Insulin Friend or Foe? in 10 Bullet PointsInsulin Friend or Foe? in 10 Bullet Points https://www.thrivehealth.com.au/wp-content/uploads/bigstock-Diet-Dieting-concept-Healthy-31806248960.jpg 960 733 Janie Janie https://secure.gravatar.com/avatar/73d7b9a4bcaf7c63f4a42c753b4c008d?s=96&d=mm&r=g
The hormone insulin is a double edge sword. Here is why in 10 bullet points.
Insulin’s main job is to maintain our blood glucose levels. Glucose must be maintained within a very narrow range – or we will die – so when there is too much glucose, insulin is secreted by the pancreas to remove the glucose from the blood and store it *somewhere*. The first place the glucose is stored is as glycogen in the liver. When that fills it up it is stored as glycogen in the muscle. And finally any excess glucose is converted into triglycerides in the liver and shipped around the body to store in adipose tissue AS FAT! Our liver and muscle glycogen stores are very small so most of the excess carbohydrate is stored as fat.
It is important to understand that when insulin is raised the body stores excess carbohydrate as fat.
Insulin is an anabolic hormone so just as it stimulates fat storage, it promotes muscle building. Insulin is REQUIRED to build muscle. Insulin stimulates protein synthesis by directing the ribosomes in cells to make more protein. In the absence of insulin the ribosomes stop working and there is no protein being made. That means no muscles being built.
Just as insulin builds muscle, insulin also stops muscle breaking down. Everyday your body makes some protein, then breaks down some protein. So to build muscle you simply must make more than you break down. Muscle is absolutely critical to your health and to your ability to enjoy a high quality of life.
Insulin inhibits an enzyme called hormone-sensitive lipase which is responsible for breaking down fat tissue. In other words in the presence of elevated insulin you cannot use your stored fat and therefore you cannot get leaner.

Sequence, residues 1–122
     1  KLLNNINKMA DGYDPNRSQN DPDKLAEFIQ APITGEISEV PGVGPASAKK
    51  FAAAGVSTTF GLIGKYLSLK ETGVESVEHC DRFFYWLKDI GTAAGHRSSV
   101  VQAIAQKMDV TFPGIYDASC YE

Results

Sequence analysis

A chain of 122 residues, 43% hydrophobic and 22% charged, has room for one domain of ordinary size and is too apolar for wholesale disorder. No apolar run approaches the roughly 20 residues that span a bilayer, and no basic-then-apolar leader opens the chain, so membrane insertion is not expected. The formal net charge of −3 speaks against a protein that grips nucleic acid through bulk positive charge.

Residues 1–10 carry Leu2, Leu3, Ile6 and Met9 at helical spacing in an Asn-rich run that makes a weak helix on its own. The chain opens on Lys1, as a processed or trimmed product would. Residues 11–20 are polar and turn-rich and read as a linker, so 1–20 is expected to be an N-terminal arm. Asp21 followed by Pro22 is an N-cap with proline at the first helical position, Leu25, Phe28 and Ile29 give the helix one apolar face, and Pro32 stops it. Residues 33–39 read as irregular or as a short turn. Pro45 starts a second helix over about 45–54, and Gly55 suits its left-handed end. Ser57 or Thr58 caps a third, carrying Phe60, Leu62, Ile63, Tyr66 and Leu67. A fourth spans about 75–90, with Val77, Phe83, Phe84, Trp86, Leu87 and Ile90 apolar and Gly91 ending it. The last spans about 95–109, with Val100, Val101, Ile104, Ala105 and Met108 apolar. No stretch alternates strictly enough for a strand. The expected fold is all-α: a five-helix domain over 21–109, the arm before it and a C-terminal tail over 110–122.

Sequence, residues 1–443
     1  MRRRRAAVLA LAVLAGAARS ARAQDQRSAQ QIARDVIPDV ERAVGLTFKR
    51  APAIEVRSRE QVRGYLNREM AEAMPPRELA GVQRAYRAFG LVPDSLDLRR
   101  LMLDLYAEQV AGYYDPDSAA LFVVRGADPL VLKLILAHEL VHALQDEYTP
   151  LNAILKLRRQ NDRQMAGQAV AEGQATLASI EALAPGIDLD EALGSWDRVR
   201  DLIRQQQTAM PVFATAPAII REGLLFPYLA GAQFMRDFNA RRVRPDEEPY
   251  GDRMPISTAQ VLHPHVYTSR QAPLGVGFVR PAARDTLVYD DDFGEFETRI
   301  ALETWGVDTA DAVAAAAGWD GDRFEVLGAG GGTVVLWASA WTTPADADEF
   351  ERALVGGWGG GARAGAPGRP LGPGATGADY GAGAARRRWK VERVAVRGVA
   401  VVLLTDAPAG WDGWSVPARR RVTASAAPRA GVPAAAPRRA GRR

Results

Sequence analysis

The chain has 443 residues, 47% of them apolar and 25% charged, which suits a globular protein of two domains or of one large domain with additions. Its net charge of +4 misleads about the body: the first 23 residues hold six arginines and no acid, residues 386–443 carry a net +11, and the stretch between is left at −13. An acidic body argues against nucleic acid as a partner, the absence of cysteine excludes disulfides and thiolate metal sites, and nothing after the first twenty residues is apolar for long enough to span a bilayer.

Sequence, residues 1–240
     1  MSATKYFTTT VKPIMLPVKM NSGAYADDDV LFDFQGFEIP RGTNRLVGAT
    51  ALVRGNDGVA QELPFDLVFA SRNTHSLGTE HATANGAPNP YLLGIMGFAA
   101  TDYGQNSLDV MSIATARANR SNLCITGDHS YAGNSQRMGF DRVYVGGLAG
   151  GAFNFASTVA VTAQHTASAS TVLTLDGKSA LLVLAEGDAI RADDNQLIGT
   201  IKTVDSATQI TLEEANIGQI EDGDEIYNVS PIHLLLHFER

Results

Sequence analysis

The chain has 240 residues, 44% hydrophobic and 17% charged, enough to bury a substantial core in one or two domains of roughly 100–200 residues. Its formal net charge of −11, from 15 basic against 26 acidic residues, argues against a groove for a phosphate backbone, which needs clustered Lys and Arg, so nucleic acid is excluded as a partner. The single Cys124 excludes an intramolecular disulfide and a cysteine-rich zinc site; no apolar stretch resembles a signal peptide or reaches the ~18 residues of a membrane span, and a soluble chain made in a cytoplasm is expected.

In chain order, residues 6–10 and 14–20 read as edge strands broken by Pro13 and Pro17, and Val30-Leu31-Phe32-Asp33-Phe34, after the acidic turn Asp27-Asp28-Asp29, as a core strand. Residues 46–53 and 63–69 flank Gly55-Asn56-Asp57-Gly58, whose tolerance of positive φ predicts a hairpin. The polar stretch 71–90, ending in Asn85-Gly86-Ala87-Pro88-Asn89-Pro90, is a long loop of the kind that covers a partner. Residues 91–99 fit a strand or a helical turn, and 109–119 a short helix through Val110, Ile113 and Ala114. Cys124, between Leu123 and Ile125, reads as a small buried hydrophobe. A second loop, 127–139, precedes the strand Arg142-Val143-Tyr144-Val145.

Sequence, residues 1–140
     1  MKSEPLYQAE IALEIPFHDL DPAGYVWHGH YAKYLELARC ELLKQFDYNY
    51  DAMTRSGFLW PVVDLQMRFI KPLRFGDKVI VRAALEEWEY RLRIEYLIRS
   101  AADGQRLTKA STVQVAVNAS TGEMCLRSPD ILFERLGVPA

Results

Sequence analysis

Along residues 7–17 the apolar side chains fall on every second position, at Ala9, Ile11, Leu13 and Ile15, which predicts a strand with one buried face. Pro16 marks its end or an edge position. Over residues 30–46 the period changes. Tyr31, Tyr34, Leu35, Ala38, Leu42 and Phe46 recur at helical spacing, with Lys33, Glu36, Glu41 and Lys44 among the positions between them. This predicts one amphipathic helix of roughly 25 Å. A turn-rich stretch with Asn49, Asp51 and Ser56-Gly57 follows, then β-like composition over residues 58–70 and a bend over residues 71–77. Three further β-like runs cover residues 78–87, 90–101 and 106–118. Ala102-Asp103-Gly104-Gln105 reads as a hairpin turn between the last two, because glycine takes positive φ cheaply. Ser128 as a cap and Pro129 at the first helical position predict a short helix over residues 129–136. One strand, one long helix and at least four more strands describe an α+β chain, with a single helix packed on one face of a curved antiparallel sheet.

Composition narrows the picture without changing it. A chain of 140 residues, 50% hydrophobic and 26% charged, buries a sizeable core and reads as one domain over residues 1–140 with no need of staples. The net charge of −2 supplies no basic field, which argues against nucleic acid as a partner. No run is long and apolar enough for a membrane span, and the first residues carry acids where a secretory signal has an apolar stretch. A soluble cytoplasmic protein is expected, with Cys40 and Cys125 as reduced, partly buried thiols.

Insulin also decreases the utilisation of fat for energy and instead promotes the burning of carbohydrates for energy. That makes perfect sense because insulin is released in the presence of carbohydrates so the body has to use that energy before using any stored fat.
Insulin transports glucose into fat cells and that does not have a happy ending. If we eat more carbohydrates than we need for energy requirements, then the carbohydrates will become more fat stores.
Fat breakdown and fat burning are enhanced by the absence of insulin.
So insulin is a double-edged sword – it is an anabolic hormone that can either make us fat by promoting fat storage and inhibiting fat utilisation, or it can be used to build muscle. It doesn’t care what it does – as long as it keeps the blood glucose in the normal range.
We just have to tell insulin what we want it to do! Do we want it to store fat or build muscle?
Give your carbohydrate intake a purpose! Keep your insulin levels low when you are not active – this will allow fat to be broken down for energy. Then eat your carbohydrates before and after your exercise sessions to use the insulin to build muscle.
You can manipulate insulin on a daily basis depending on your activity levels to flip the switch between fat loss and muscle building. ANYONE CAN DO THIS!
As well as helping you lose fat, lowering insulin is health promoting. Chronically raised insulin levels lead to insulin resistance which is linked to most western diseases including heart disease, diabetes, obesity, Alzheimer’s disease, cancer, fatty liver, periodontal disease and many hormonal issues.
One last thing – even if you are normal weight or underweight but eat a high carbohydrate diet you may still be insulin resistant. In this case you may carry visceral fat around your organs which is the worst kind of fat. Any weight loss program you undertake should aimed at eliminating belly fat as a priority – not just “losing weight”.